In November of 1995, Peninsula filed renewal license applications with the FCC for its nine translator stations and two primary stations. In September 1996, the FCC determined that because Peninsula owned both the translators and their primary stations, the licenses for the translator stations could not be renewed unless Peninsula assigned them to another entity. The FCC also concluded at that time that Peninsula had been operating the translators in violation of 47 C.F.R. § 74.1232(d) since June 1, 1994, the date by which all translators were to be in compliance with the new rule.3

10

Peninsula then filed assignment applications so it could transfer the translators to a different owner and thereby bring them into compliance with section 74.1232(d). The FCC approved the proposed assignments. In November 1997, the FCC granted the 1995 license renewal applications conditioned on consummation of the assignments, stating that failure to meet the divestiture condition would render the grants null and void.

11

Thereafter, the proceedings before the FCC took a rather complex procedural turn, the details of which are not relevant here. In short, Peninsula filed petitions with the FCC and an appeal to the United States Circuit Court of Appeals for the District of Columbia ("D.C. Circuit") objecting to the conditions attached to renewal of Peninsula's translator licenses. The FCC denied Peninsula's petitions, and because of procedural complications, the D.C. Circuit dismissed Peninsula's appeal.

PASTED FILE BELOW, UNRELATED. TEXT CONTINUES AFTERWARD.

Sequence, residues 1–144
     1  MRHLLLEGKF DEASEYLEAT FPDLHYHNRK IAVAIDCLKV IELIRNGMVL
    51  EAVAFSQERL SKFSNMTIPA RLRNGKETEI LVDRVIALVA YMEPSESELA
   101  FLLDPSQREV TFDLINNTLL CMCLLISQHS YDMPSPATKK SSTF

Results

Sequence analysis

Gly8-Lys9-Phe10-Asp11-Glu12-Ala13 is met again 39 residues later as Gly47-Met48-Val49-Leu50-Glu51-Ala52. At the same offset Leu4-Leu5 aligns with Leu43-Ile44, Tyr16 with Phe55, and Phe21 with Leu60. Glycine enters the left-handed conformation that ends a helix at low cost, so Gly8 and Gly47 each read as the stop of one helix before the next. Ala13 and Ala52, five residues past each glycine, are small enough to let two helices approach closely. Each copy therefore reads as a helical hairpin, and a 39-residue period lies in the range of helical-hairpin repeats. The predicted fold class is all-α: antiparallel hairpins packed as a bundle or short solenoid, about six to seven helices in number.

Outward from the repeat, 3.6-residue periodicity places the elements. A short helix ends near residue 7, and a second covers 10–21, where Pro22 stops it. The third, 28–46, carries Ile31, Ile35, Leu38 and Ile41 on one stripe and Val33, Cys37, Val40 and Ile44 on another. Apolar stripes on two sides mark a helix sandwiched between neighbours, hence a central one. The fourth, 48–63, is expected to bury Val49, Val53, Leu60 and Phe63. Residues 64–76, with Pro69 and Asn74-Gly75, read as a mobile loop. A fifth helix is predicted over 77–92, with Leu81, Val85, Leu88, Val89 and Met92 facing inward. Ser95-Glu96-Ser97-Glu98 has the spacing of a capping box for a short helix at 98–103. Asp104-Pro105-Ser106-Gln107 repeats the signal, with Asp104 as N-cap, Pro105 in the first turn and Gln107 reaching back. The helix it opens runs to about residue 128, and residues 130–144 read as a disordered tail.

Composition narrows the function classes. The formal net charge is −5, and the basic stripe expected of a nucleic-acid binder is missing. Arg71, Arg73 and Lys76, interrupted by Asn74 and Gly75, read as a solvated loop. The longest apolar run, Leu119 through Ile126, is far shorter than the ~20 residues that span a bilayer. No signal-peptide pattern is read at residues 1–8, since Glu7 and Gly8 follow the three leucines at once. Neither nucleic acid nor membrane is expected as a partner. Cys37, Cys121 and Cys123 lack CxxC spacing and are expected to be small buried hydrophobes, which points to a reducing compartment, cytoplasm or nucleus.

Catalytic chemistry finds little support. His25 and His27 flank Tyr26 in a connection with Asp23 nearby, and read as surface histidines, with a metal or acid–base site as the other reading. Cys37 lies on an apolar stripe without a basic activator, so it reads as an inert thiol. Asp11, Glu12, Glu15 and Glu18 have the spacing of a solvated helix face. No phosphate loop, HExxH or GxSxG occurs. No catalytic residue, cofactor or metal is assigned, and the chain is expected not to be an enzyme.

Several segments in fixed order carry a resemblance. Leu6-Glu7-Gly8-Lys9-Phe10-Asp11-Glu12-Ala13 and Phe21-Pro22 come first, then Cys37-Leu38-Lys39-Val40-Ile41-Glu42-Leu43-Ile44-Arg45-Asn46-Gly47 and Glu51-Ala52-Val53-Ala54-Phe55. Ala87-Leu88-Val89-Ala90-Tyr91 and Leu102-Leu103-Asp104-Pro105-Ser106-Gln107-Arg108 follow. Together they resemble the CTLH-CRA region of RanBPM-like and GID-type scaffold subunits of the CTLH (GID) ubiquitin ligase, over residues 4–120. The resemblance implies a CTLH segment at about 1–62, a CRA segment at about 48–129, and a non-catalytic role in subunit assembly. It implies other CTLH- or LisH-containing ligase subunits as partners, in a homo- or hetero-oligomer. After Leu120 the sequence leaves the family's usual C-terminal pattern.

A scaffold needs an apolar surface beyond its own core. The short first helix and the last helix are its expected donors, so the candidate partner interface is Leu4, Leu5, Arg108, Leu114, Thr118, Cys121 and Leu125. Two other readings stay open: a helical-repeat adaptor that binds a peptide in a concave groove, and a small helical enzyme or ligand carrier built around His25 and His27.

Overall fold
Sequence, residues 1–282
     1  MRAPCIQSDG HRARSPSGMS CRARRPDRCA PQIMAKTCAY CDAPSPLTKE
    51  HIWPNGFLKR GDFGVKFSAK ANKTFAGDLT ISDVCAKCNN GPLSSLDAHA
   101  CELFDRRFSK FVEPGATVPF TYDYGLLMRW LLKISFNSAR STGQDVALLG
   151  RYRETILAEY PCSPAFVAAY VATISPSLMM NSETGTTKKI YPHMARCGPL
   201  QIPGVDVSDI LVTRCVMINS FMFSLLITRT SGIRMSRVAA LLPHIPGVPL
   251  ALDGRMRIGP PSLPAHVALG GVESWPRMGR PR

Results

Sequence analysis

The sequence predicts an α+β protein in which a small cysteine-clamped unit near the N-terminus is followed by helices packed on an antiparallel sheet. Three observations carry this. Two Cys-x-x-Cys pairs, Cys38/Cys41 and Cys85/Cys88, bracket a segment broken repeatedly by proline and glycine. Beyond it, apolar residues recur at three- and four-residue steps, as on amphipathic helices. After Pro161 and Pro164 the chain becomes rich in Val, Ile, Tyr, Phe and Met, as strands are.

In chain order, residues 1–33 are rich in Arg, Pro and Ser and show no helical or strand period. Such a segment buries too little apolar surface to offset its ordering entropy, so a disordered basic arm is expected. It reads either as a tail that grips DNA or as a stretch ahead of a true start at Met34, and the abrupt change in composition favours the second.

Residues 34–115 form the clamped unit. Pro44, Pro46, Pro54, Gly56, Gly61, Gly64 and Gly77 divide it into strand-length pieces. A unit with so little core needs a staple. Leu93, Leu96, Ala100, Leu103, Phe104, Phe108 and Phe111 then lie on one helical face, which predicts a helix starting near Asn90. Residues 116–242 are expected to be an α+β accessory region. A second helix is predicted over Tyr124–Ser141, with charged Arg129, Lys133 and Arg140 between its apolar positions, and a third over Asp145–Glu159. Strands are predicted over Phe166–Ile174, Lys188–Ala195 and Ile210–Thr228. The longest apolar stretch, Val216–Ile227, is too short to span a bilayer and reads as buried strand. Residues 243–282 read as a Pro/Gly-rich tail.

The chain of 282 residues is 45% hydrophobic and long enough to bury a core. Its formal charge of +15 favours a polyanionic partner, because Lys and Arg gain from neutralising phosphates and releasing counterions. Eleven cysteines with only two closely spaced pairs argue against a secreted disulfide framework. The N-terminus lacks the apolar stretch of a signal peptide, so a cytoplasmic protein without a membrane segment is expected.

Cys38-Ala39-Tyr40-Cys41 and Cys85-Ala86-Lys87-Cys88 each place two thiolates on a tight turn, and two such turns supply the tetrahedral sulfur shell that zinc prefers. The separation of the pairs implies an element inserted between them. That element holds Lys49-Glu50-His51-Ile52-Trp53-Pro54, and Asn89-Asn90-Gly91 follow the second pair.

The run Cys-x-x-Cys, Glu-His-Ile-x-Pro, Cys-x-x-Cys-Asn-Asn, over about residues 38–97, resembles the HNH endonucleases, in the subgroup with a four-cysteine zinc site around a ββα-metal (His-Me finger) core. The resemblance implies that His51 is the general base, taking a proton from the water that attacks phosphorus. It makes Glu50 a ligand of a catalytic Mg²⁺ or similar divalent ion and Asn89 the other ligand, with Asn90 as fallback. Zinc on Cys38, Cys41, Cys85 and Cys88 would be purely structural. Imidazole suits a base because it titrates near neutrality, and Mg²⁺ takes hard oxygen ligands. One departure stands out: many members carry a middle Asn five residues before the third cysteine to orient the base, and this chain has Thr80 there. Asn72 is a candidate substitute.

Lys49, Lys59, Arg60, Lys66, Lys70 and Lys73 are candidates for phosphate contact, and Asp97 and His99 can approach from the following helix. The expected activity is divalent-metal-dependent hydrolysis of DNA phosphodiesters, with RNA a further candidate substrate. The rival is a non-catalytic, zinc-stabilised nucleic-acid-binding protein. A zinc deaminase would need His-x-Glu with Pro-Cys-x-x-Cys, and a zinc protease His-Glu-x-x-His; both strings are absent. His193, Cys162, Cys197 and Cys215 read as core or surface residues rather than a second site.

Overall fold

12

Ultimately, Peninsula's petitions to the FCC resulted in the FCC's issuance in May 2001 of a Memorandum Opinion and Order and Order to Show Cause ("May 2001 decision"). In re Peninsula Communications, Inc., 16 F.C.C. Rcd. 11,364, 2001 WL 526732 (2001). In the May 2001 decision, the FCC determined that it was unlikely that Peninsula would ever consummate transfer of the translator licenses. Based on this conclusion, it rescinded the conditional grants of Peninsula's renewal applications with respect to seven of the translators, and ordered that Peninsula cease operating them by midnight on May 19, 2001.4 Peninsula did not terminate operation of the seven translators as ordered and has continued to operate them to date. On June 15, 2001, Peninsula filed an appeal of the May 2001 decision to the D.C. Circuit as permitted by 47 U.S.C. § 402.

13

In July 2001, pursuant to the procedure for enforcing FCC orders set forth in 47 U.S.C. § 401(b),5 the United States filed the action below in the United States District Court for the District of Alaska seeking an injunction to enforce the terms of the FCC's May 2001 order. The district court denied Peninsula's motions to dismiss for lack of subject matter jurisdiction, denied its motions to stay, and on October 17, 2001, issued a preliminary injunction ordering Peninsula to "immediately cease operating" the seven FM translator stations.6